The first line is always the hardest. We all know the feeling – staring at that blank page, great ideas in your head, but unsure where exactly to start. How do I capture the reader’s fleeting attention, before it is inevitably cast back to more pressing concerns, like Facebook memes?
The Media and Communications major at the University of Melbourne can help structure your work and improve your prose, but it cannot write that first sentence for you. The only way to develop one’s ideas into refined works is practice. And the best writing practice I acquired during my degree was in a professional context, through an ongoing volunteering experience in an international not-for-profit organisation.
Since early 2016, I have volunteered one day per week at Oxfam Australia. My primary duty is writing articles for Oxfam’s website, targeted toward students and teachers, promoting resources and events for schools and encouraging fundraising activities for Oxfam’s core campaigns. I have also analysed the success of website content using data analytics, managed social media accounts and developed strategies to increase readership and participation.
My experience at Oxfam has been second to none – I have gained practical skills and professional experience that no doubt will assist my future career. I applied principles and skills learned in class to a professional context, and saw the fruits of my labour published on a national website with thousands of visitors. Furthermore, my supervisors at Oxfam are very flexible, and understand that my university degree and paid employment must be my top priorities. So definitely volunteer or intern if you have the time and are financially able to do so.
In today’s hyper-competitive job market, attaining professional experience before graduating has become a material imperative. However, please proceed with caution! Internships and volunteer opportunities can be highly exploitative, offering few tangible benefits to the student whilst providing the organisation with a free worker. What may first appear to provide a ‘foot in the door’ may quickly descend into slave labour.
The Fair Work Act 2009 (Cth) states that internships may only be unpaid if they are a mandatory requirement of an education or training program, or if there’s no “employment relationship”. This means the main benefit of the arrangement must be to the intern, the placement should be of a relatively short duration, and the work performed by the intern shouldn’t be integral to the functioning of the organisation. The only exempt organisations are not-for-profits.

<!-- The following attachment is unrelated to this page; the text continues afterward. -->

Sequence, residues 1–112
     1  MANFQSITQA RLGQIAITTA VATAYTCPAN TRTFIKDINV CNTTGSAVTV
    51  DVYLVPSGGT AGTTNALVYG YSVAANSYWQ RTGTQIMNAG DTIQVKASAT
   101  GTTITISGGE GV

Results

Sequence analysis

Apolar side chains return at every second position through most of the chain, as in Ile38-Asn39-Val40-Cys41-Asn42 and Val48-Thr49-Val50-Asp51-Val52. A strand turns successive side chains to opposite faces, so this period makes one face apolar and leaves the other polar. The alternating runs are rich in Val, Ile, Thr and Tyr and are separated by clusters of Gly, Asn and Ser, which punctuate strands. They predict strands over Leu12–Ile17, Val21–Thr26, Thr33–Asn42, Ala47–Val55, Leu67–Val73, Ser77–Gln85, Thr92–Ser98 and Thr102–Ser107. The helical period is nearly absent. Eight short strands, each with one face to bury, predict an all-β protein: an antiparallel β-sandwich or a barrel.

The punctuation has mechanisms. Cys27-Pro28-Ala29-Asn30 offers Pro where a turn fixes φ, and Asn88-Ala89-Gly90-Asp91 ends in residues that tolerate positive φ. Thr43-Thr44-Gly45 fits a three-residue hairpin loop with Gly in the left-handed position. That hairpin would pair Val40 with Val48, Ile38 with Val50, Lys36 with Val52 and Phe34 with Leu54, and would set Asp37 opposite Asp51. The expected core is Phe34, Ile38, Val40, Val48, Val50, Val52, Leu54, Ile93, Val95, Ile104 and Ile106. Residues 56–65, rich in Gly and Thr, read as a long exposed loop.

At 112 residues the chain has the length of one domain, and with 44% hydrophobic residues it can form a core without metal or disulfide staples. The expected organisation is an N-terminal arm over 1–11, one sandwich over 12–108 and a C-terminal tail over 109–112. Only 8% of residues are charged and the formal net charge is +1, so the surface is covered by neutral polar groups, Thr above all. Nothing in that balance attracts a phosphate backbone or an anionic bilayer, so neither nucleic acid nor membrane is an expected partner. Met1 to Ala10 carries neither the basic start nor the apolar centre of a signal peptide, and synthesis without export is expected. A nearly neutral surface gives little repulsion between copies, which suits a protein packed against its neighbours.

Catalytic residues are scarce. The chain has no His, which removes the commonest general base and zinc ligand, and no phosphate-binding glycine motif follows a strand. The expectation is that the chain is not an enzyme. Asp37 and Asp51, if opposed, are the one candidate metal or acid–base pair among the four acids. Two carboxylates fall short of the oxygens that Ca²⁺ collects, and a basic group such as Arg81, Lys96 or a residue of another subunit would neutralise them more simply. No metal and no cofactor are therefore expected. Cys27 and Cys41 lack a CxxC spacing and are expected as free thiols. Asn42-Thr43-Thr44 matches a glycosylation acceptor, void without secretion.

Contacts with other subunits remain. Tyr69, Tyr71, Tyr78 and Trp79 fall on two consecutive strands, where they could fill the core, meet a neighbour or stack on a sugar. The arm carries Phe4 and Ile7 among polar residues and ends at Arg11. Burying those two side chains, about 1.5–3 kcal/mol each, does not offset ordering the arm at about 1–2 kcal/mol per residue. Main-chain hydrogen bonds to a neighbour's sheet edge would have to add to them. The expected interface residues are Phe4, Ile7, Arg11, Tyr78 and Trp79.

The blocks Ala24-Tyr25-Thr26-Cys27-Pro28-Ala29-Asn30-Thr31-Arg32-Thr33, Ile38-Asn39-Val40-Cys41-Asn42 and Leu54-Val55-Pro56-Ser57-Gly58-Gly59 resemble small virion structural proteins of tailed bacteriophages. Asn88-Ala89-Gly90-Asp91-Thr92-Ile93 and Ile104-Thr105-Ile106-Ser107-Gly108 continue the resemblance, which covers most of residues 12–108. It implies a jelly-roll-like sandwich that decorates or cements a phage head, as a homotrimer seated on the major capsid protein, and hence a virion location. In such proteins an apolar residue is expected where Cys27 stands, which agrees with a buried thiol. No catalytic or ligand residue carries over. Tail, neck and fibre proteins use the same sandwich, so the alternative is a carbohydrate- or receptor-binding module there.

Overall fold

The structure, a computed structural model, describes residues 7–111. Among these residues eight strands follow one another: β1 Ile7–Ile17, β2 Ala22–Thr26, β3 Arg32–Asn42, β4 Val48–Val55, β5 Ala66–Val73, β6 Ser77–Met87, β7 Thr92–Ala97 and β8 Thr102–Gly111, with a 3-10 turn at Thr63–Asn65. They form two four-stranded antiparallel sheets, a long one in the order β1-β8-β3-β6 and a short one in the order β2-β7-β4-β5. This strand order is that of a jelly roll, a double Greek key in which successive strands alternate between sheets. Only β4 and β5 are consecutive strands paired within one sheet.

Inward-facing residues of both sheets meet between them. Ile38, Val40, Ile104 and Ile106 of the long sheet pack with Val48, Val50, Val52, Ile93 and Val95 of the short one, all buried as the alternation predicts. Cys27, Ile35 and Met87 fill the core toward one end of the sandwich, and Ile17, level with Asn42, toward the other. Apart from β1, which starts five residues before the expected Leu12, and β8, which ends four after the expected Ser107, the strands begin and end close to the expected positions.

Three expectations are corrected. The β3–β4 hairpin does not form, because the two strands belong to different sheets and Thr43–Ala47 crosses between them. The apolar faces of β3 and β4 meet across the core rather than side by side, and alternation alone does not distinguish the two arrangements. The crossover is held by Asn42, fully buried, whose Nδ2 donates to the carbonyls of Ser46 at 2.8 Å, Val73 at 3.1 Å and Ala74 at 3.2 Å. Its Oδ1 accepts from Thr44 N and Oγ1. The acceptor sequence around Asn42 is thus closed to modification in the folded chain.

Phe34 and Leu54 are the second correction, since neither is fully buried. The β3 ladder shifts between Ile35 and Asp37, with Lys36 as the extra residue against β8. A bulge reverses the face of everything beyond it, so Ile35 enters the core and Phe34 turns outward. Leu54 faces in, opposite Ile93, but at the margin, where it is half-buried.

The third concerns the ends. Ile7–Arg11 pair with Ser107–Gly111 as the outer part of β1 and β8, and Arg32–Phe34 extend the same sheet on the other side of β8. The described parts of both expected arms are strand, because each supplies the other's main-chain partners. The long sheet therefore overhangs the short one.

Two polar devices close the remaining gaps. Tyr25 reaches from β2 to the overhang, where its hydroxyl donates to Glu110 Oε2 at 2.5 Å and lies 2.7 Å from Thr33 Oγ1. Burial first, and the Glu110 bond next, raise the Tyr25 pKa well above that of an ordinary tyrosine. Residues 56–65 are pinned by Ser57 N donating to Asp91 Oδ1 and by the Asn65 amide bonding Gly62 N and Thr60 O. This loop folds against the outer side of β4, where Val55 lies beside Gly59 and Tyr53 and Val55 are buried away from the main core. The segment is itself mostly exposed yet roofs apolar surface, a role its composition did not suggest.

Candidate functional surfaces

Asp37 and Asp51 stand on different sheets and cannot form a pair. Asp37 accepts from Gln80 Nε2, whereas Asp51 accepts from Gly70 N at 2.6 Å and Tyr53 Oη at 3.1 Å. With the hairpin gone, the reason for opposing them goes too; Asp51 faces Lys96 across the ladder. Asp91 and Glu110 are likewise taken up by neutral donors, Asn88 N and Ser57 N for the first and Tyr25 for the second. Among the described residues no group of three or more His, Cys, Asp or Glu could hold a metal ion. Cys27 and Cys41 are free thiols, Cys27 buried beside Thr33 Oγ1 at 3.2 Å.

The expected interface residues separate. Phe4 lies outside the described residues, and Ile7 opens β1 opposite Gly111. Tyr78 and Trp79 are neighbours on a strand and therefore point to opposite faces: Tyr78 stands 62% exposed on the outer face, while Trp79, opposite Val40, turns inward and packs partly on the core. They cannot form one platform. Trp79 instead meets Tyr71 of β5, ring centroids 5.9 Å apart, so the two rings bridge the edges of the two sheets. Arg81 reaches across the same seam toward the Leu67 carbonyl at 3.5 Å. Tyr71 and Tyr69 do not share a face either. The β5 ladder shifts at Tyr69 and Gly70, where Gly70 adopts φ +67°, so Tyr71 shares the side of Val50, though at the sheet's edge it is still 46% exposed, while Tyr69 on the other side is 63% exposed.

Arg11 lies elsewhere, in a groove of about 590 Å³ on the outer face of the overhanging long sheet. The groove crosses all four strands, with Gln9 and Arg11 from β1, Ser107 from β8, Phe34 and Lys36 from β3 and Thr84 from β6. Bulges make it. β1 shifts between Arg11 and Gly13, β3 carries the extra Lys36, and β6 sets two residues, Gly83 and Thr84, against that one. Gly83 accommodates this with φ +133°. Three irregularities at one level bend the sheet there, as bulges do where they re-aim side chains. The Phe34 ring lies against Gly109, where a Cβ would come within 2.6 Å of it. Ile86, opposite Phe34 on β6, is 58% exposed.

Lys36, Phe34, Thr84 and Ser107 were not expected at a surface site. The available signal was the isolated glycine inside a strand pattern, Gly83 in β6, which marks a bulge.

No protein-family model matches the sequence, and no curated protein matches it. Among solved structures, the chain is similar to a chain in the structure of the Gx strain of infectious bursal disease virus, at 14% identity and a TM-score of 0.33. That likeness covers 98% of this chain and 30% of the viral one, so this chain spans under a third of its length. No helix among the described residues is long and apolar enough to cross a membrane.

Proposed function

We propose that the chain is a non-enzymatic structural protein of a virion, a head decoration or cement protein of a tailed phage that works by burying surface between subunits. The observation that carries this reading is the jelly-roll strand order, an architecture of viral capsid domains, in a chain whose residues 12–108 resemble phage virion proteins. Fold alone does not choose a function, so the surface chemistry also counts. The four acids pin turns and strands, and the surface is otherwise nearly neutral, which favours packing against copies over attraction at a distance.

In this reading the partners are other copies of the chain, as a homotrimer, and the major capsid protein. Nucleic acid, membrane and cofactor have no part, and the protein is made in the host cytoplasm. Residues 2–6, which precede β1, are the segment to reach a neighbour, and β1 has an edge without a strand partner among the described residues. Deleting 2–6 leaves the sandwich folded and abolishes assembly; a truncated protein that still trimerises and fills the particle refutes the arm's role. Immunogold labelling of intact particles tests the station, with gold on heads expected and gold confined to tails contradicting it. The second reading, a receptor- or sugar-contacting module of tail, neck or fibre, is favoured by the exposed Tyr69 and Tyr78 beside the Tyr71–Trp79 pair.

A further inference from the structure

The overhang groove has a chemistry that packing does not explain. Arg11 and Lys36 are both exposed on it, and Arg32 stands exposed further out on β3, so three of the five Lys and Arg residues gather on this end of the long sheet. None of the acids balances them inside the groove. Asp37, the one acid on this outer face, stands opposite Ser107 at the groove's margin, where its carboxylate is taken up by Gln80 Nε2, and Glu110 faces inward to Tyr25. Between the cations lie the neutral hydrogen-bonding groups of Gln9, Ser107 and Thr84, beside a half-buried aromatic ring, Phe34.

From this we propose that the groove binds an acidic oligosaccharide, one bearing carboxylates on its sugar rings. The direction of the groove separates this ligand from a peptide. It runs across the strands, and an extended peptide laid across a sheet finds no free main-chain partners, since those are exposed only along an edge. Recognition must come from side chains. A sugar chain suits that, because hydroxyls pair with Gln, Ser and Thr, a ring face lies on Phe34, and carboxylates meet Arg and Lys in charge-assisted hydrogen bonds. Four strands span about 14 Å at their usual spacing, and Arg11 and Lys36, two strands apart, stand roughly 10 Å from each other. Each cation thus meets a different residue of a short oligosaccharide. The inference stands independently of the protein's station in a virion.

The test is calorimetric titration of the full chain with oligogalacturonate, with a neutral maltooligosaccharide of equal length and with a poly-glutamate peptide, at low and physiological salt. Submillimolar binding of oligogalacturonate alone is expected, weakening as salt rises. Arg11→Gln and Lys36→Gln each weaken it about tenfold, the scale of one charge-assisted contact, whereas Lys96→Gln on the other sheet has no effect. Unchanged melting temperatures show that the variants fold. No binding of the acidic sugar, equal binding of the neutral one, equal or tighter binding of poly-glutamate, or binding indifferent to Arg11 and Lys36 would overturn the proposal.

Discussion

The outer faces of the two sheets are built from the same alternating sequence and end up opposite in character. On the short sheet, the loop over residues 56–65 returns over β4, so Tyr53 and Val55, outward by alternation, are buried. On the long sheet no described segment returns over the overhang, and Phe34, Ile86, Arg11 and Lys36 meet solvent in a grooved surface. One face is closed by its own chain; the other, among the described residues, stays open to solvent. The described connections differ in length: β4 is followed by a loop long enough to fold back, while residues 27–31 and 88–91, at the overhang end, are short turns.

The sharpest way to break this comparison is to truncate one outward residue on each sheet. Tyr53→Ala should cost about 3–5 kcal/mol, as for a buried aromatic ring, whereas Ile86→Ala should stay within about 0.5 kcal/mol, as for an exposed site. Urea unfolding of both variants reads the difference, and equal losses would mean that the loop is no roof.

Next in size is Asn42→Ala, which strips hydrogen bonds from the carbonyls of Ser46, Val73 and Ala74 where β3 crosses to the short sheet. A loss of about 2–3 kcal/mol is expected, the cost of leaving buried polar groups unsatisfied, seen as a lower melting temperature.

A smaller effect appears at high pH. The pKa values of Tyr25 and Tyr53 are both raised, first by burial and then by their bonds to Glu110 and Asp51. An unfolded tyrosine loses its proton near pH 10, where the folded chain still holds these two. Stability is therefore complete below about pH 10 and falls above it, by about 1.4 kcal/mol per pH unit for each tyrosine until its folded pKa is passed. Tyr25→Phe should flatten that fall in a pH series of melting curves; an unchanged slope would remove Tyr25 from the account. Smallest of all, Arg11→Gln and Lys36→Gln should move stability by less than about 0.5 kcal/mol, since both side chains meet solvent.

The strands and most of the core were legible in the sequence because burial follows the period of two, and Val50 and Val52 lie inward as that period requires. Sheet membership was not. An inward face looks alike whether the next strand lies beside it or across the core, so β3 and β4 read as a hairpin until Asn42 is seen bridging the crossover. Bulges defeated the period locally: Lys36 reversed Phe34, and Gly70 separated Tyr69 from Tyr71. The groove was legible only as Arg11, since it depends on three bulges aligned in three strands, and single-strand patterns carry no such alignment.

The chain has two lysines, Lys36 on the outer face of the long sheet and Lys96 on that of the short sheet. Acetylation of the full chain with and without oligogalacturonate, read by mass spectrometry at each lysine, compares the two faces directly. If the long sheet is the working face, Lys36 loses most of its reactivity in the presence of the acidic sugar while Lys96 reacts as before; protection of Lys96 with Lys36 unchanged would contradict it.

My own volunteering experience was therefore lawful, as Oxfam Australia is a not-for-profit organisation, the arrangement was primarily for my own benefit, and the work performed was not supplementing or undercutting work by paid staff. The articles I wrote for Oxfam’s website were additional to those completed by their paid Digital Communications team.
Yet, most internships in Australia are not so accommodating, and many are outright unlawful. According to Interns Australia, approximately 86 per cent of internships are unpaid, 60 per cent of internships did not contribute to the student’s formal education, and almost 80 per cent of internships did not lead to permanent employment with the internship provider. That’s a depressingly bleak picture of the internship market, where students desperate to gain skills and experience are completing menial work that only benefits the company’s bottom line.
Having now graduated and earnestly looking for part-time jobs before applying for a Masters course, my volunteering experience will undoubtedly assist my job applications. But more importantly, I supplemented my degree with a valuable professional experience. If you plan on interning or volunteering during your degree, ensure that your experience is as rewarding as mine was, and don’t let corporations stress you out and waste your time. If you’re unsure where to apply, consider volunteering for a not-for-profit organisation – most NGOs do fantastic work for some of the most disadvantaged and vulnerable communities around Australia and across the world.